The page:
As a young child I was welcomed into the Eastern rite Catholic Church on the most Holy of Feast Days, Pascha. That would be more commonly known to Roman rite Catholics as Easter. That was many years ago, but I treasure some of the traditions that I grew up with as well as the culture that surrounded us all the time. Icons, incense, beautiful and intrinsically embellished vestments, and chant. On Easter, one thing that was always present were the Krashanky and Pysanky eggs.
The Krashanky are the typical hard-boiled and dyed eggs that were decorated for us to eat at the Great Feast. And the Pysanky eggs were the higly embellished and beautifully painted or died eggs that were in baskets that decorated each table. Along with those things were lots of candles, and a glorious feast of dairy and meat products. To this day, Pascha remains my favorite Feast Day of the year because of the care and flourish with which it was always celebrated. In no way do I put on such a show; there were several dozen people who put in much time and effort within our small parish to decorate and bake and cook. Some things remain a constant—a desire for beautiful decorations and wonderful food, but on a much smaller and more manageable scale for my small family.
I was always taken with the Pysanky eggs. I loved to inspect each one. I remember one time one of the many monks (yes, our parish was also a Monastery) taking time to explain to me the symbolism behind the decorations on the eggs. There was meaning behind it, which I found fascinating. It wasn’t just a random bit of decorating and geometric shapes, but some were inscribed with Greek or Ukrainian and had ancient Christian symbolism in the design. For more on the meaning behind the symbolism you can read here and here about that.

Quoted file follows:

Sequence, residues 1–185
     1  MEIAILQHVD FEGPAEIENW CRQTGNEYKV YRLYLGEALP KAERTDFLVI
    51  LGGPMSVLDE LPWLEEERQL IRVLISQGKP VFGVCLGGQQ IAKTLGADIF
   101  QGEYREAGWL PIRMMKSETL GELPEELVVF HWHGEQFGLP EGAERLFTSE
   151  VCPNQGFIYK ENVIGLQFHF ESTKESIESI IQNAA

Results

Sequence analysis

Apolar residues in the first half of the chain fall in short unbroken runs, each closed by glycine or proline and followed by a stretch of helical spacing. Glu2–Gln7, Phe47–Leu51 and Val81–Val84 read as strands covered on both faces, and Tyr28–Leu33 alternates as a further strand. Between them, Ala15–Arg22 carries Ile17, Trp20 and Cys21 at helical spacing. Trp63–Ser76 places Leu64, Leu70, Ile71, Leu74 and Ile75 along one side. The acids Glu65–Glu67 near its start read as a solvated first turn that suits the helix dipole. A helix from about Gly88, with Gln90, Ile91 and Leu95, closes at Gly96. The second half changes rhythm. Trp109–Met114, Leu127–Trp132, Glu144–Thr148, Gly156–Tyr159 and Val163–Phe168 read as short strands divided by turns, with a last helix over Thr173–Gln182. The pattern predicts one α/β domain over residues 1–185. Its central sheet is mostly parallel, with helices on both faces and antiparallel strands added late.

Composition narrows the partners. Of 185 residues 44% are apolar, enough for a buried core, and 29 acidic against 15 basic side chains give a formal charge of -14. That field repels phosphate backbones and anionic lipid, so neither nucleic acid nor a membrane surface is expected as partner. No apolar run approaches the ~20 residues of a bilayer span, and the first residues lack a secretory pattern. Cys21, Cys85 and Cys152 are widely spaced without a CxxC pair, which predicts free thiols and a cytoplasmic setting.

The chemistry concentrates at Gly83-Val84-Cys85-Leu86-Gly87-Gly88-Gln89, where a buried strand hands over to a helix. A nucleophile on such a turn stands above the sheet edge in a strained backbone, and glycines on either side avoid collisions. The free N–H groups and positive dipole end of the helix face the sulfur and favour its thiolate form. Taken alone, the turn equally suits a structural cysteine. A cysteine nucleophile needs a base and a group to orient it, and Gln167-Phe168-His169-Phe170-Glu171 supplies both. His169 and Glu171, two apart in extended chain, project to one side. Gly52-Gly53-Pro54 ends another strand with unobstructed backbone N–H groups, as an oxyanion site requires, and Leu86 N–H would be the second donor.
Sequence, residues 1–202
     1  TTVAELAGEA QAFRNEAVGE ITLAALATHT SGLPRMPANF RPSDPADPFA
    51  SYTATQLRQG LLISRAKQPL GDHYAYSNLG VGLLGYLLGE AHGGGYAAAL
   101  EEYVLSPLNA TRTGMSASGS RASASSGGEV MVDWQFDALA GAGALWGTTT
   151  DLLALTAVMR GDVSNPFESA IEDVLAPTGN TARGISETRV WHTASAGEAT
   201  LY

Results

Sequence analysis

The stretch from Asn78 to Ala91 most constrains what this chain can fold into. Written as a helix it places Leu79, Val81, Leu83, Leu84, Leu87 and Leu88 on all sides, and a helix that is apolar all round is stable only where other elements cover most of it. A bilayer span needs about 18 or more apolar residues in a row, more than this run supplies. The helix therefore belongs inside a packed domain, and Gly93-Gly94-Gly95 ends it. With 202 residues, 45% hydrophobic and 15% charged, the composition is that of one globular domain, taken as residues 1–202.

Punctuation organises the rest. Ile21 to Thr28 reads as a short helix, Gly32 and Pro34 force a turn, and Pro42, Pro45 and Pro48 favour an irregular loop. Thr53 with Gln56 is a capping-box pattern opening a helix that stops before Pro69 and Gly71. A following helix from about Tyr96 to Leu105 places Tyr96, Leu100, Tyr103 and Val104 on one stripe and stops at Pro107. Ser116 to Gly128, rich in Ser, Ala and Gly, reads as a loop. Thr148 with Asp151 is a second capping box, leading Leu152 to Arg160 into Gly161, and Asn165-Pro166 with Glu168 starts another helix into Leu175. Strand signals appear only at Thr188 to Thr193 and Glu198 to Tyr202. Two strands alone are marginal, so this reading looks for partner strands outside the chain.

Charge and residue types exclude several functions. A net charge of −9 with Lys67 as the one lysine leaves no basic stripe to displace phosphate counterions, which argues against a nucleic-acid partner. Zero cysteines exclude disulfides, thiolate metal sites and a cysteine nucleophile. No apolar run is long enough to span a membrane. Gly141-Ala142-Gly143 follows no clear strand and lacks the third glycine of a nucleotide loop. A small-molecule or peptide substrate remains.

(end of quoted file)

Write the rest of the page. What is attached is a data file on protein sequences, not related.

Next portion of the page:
This is a really simple craft that I came up with that was inspired by those beloved Pysanky eggs. It’s nowhere near as fine-tuned as those intricate eggs, but it is a quick, fun, and easy craft that you can do with your family.
You can use a milk jug, that has a milky white color to it and has a little texture. This allows you to use kid colored markers, and helps the colors be more bold. You can also use a clear plastic from a food container or lid. The clear plastic is smoother and works better with permanent markers. If you trust your kids with the permanent makers, I’d chose them so that your colors are more brilliant when they hang in your window.
Next cut your egg shapes. I free handed mine. Obviously some ended up being more oval than egg-shaped. The kids didn’t seem to mind!
The next step is choosing the design. You can find many templates online, and coloring pages. Simply lay your plastic egg over the top and trace it with your puffy paint. You can use black or white paint. I’ve seen eggs with designs in both colors. For the white egg, I actually traced over the design first before cutting it out. I let it dry over night and then cut it out once it was completely dried. Let your designs dry in a breeze-free environment. Overnight is best so that you are certain to have a dried template to color on.
And get to coloring!
Once your little eggs are all colored and dried you can hang them in your window, along your mantle, or wherever you’d like. See if you can incorporate some meaningful symbols into them to signify Christ’s Resurrection, or some of the early Christian symbols like the cross or fish to give your designs more meaning and significance.
May you be blessed in the coming Paschal Season!